Clean-up is easy, just pull out the blade insert, run it under hot water, and place in some soap solution and hot water to sterilize, wash and dry the rest of the spiralizer, slip the blades into the base for safekeeping, and then the whole unit packs away in the same space as a stack of dinner plates.

Bottom Line:

Many kitchen tools are either cheaply made and cumbersome to use, or they are elegant & well designed but expensive. The Paderno unit fits in a nice in-between space. It's an affordable unit that works smoothly and feels sturdy (and safe). It packs down nicely, doesn't require a lot of space to store, and is styled in such a way that, if you are one who likes having their kitchen gear on display, would not feel odd just leaving it out on the counter.

Ultimately, any kitchen tool needs to feel comfortable and encourage use, and at that level, the Paderno Spiral Vegetable Slicer is a winner. If you are considering entering the fray of replacing traditional pasta with vegetables (even if just occasionally) this is a nice tool that definitely gets the job done.

Monday, January 4, 2016

New Year, New Weekend Testing Americas, Come Join Us!

Normally, these announcements would go up on the Weekend Testing website, but the site is down at the time of this posting, so I am taking matters into my own hands and posting it here until that gets resolved.

With that out the way... Happy New Year, everyone! Here's wishing you all a  happy and healthy and productive 2016, and what better way to get into the groove than with your friends at Weekend Testing Americas (well, sure, you can join a session of any of the other Weekend Testing Chapters, but why not come to our first ;) ). Without further ado, here's what's happening, and when/where:

WTA-68:  Mobile Website Testing
Date:  1/9/16
Time:  1pm EST/10am PST - 3pm EST/12noon PST (check your own time zone for start and end times)
Facilitator:  Jean Ann Harrison

As websites are being overhauled for viewing on mobile devices, are we checking a normally viewed website viewed on a device?  What should you consider important to tests?  Can we automate all these tests?  Yes, and we can talk about what tests can and should be automated and those that can be done faster manually.

For this weekend testing session, we're going to focus on the type of user who uses the Weather Channel website on  mobile devices.

This means we'll be using the browser on the device and not downloading any apps.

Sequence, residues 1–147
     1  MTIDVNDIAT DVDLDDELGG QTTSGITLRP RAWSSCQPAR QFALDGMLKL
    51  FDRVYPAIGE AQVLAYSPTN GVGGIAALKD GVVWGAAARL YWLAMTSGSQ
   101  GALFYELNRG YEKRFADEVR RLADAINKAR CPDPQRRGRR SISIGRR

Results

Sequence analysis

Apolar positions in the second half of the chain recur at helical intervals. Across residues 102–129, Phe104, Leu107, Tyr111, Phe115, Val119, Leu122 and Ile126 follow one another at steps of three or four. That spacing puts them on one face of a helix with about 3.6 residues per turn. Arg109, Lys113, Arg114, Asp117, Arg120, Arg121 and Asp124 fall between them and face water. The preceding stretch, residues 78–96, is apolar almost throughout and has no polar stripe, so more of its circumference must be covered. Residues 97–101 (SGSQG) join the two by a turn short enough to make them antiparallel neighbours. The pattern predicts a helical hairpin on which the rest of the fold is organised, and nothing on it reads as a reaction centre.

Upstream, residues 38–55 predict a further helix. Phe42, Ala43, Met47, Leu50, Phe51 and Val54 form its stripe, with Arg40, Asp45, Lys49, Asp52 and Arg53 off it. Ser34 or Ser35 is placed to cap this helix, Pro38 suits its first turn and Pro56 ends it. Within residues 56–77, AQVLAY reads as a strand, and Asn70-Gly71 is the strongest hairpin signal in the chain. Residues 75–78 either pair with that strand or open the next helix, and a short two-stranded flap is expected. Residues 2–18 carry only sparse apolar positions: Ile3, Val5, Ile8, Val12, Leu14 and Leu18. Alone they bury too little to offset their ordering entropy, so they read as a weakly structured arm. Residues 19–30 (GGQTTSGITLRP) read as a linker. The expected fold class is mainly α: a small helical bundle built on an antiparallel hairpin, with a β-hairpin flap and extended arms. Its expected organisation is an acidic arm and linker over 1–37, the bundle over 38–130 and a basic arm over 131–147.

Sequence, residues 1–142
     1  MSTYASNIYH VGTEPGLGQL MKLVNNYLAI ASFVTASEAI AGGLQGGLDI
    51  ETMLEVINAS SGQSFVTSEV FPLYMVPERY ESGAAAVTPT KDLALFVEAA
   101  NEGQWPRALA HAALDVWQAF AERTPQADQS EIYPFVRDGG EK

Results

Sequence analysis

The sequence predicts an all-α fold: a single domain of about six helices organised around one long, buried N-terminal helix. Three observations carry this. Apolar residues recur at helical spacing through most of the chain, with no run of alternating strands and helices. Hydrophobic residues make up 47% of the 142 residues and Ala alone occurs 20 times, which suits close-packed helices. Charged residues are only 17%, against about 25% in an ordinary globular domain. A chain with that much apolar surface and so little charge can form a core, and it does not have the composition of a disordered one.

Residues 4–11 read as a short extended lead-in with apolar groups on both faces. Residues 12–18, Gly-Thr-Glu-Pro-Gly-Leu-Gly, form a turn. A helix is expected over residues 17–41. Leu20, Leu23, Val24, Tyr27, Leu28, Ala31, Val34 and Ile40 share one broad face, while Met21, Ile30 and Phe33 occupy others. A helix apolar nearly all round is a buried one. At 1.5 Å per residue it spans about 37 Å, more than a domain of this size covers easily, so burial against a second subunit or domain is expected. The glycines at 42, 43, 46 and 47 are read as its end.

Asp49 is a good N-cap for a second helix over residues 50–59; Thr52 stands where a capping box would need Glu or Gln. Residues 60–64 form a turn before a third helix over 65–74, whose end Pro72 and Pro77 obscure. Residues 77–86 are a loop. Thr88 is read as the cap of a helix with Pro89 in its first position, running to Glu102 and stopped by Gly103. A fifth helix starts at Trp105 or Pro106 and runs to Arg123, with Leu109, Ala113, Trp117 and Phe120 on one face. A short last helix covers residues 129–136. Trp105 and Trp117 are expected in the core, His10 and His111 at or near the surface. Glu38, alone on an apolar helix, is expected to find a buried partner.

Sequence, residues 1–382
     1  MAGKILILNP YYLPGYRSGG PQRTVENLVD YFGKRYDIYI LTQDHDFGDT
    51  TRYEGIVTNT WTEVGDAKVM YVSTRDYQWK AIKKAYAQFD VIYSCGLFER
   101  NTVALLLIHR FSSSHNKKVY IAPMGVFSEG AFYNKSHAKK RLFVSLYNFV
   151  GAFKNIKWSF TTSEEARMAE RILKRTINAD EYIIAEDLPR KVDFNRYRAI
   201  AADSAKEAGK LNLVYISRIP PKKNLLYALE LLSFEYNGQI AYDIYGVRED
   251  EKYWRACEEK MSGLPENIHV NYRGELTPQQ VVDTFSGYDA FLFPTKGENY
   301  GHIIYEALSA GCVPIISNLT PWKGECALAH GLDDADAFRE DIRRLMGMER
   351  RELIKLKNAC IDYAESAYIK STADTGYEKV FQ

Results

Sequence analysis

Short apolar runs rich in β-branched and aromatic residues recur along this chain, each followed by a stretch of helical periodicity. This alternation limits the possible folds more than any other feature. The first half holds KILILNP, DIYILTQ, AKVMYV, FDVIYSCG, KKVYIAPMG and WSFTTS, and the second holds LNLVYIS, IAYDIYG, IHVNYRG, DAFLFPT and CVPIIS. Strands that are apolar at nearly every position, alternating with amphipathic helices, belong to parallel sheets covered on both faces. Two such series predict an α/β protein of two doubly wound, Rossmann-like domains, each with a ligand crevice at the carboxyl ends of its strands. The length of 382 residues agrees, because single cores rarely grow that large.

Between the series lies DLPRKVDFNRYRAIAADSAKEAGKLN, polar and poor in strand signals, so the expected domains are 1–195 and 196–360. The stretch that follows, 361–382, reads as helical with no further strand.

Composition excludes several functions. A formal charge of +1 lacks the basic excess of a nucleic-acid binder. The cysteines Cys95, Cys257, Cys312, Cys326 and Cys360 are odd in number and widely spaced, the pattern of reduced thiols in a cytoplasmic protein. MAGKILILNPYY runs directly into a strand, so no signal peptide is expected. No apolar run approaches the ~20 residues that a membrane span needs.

1.  What is the first thing any user expects to be able to view?
2.  What kind of view is the user expecting?   Fill the screen?  Scrolling?
3.  Is the font readable? Or does the user need to do something to make the website readable?
4.  Can the user view the videos?  Can the user pause the video and rotate the device and continue viewing the video?
5.  Is the website easy to access the various pages?  Think about the size of fingers or is a stylus needed?
6.  Is it easy to find the latest news?  How to navigate to the news page?
7.  How is the response time?  How is the painting of different pages?
8.  Is there a balance of content and ads?


You may RSVP to the event by sending a request to "weekendtestersamericas" on Skype and letting us know you wish to take part in the session (if you have not initiated a Contact Request, please do that and mention in the body of your message that you would like to participate in this Saturday's session.

On Saturday, January 9, 2016, please be online and ready to connect to the session about twenty minutes before the start of the session. We are willing to add latecomers, but it gets distracting if we have to reiterate everything that happened in the earlier part of the session, so we generally limit new attendees fifteen minutes after the start of the session. We may add more people at that point, but will likely not go back and review what was covered beforehand.

Also, if this sounds like a great way to spend a Saturday to you, perhaps share this message with a number of your friends and encourage them to participate as well.

We look forward to seeing you there.

Your Weekend Testing Americas Facilitation Team
(Albert Gareev, Jean Ann Harrison, Michael Larsen and Justin Rohrman)